OKLAHOMA CITY (KFOR) – The data is shocking. African Americans are three times more likely to be hospitalized due to COVID-19 and twice as likely to die from it.
On Wednesday, community leaders gathered at the State Capitol to sound the alarm.
“I am calling on the talented public health leaders across this state to increase this outreach effort to reassure people of color that the vaccine is safe,” said State Rep. Jason Lowe, D-Oklahoma City.
Lowe went on to say, “A mere three percent of African Americans have received the completed series of the vaccine. As compared to 70 percent of their white counterparts.”
There are many reasons why that’s the case, including distrust of public health initiatives from decades ago, such as the Tuskegee Study, where African American men were basically tricked into being used as human Guinea pigs and ended up dying from medical experiments.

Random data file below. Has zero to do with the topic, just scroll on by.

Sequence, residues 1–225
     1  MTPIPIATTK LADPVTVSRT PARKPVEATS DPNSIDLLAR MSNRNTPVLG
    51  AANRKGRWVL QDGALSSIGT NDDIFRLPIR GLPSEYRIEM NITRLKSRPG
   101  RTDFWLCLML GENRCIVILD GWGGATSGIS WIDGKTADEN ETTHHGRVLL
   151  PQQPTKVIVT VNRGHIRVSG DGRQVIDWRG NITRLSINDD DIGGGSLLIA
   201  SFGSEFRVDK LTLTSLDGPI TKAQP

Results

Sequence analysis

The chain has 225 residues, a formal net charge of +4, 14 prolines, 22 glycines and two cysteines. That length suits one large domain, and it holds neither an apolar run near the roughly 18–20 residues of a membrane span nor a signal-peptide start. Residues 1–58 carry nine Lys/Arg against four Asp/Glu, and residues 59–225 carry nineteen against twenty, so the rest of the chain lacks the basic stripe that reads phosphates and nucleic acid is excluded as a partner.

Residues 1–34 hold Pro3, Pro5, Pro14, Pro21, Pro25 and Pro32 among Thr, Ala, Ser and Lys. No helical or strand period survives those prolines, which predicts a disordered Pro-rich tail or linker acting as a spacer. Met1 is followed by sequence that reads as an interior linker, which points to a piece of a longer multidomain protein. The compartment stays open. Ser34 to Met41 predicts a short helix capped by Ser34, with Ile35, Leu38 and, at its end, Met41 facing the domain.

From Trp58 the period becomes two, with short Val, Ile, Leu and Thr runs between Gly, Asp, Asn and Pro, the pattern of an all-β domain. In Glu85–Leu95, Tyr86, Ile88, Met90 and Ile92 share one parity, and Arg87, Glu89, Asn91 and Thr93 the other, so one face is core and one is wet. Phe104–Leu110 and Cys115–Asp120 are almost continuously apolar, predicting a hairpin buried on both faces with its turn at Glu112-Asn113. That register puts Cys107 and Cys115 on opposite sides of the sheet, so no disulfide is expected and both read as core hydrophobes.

Black medical professionals are assuring the community the vaccine is safe and desperately needed.
“If you haven’t been vaccinated, get signed up,” said Dr. Christopher Harris with OU Medical. “If you have questions, contact me. I can help you get signed up and I can answer any other questions you might have.”
And religious leaders are calling on the faith community, not just in Oklahoma City but across the state, to help with the crisis in the African American community.
“We need to unite together and become one in seeing that all of the citizens of our state receive the vaccine,” said Dr. J.A. Reed, pastor of Fairview Baptist Church in Oklahoma City.
He’s calling on more churches and community centers to spread the message and be used for vaccination sites “in order to vaccinate equally,” the pastor said.